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Dental Implant Success Aided by Stem Cells

Dental implant technology is constantly advancing, and seemingly every day a new dental implant technology is announced. However, many of these innovative ideas never make it out of the lab and into the dental office. It seems that at least one exciting technology is getting closer to being available: stem cell regeneration of bones.

As part of an ongoing clinical trial of the technology, researchers have announced that they were able to regrow a woman’s jaw, allowing them to secure dental implants in a person who was not considered a candidate before this technology.

Trauma Leads to Severe Jawbone Loss

In a published case report, researchers were attempting to help a 45-year-old woman who had lost seven of her front teeth due to serious facial trauma five years before. From the initial trauma and subsequent resorption of the bone, the woman had lost 75% of the bone that supported teeth.

The functional and aesthetic benefits of dental implants would have been ideal for this woman, but the bone loss made it impossible for her to get them. Even with traditional bone grafts, it would be impossible for her jaw to support the dental implants.

Building on a Scaffold

Even more common stem cell techniques were not adequate to replace this woman’s lost jawbone. So much bone had to be built that researchers needed a scaffold that would support the growing stem cells, encourage them to take the proper shape, but then dissolve into the created bone. For this, they chose b-tricalcium phosphate (b-TCP), which is rigid but porous, like a sponge. They mixed stem cells and progenitor cells and seeded them onto the scaffold about 30 minutes before placing it in the woman’s mouth. Stem cells are capable of differentiation into any body tissue, while progenitor cells are capable of limited differentiation, but are already slightly adapted to become certain types of tissues.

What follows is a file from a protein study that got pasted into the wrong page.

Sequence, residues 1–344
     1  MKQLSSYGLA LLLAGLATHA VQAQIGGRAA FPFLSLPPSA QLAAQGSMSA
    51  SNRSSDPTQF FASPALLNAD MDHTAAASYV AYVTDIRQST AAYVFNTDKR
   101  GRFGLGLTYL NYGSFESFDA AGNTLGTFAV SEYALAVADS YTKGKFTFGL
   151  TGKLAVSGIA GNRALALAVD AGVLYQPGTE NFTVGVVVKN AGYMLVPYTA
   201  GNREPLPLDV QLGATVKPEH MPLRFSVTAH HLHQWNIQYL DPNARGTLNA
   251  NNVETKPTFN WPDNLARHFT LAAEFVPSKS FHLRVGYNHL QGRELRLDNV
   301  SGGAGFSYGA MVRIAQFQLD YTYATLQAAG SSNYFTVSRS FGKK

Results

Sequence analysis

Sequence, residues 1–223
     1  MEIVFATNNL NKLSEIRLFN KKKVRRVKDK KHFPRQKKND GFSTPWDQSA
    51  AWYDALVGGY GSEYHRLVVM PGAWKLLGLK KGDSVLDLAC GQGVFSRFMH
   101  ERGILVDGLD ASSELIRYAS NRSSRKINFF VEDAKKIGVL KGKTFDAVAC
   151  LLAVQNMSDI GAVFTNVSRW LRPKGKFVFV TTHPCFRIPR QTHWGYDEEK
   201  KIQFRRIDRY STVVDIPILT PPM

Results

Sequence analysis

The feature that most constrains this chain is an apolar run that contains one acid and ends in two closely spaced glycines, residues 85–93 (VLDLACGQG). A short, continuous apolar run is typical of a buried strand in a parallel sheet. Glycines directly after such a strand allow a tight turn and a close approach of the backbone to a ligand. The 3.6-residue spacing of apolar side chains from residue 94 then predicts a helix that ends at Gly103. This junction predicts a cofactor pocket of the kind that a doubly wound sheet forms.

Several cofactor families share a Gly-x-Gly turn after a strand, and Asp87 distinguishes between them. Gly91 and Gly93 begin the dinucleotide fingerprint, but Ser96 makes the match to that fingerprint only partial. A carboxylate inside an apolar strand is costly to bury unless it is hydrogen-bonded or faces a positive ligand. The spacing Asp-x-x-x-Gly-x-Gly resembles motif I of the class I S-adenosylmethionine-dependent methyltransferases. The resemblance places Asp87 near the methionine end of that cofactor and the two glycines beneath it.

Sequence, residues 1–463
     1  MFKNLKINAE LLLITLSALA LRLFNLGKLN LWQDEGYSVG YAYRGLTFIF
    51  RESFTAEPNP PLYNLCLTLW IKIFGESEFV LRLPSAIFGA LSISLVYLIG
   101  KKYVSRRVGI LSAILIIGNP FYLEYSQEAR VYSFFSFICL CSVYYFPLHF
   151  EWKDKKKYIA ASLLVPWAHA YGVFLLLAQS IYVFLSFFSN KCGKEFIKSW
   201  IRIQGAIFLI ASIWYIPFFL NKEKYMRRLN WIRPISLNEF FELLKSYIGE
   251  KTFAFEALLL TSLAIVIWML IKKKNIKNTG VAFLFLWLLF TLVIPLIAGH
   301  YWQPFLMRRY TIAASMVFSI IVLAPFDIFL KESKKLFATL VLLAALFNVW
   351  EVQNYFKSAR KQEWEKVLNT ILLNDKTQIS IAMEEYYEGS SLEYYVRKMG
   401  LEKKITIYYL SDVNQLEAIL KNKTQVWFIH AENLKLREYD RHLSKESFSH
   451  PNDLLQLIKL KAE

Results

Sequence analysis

In this case, all the cells used were taken from the patient’s own bone marrow.

Researchers report that 80% of the woman’s lost bone–60% of her total bone mass–regenerated after four months. As a result, she had 85% of her original bone, which was considered adequate to support dental implants. After the dental implants were allowed to heal for six months, they were topped with a denture.

More People Can Get Dental Implants Than Ever

Although this technology isn’t yet available, it is still true that people who were previously rejected for dental implants can now get them. If you were told that you couldn’t get dental implants even a few years ago, it’s time to get a second opinion.

If you are looking for dental implants in San Diego, please call (619) 299-5925 for an appointment with a cosmetic dentist at Strober Dental.

By |November 19th, 2014|Uncategorized|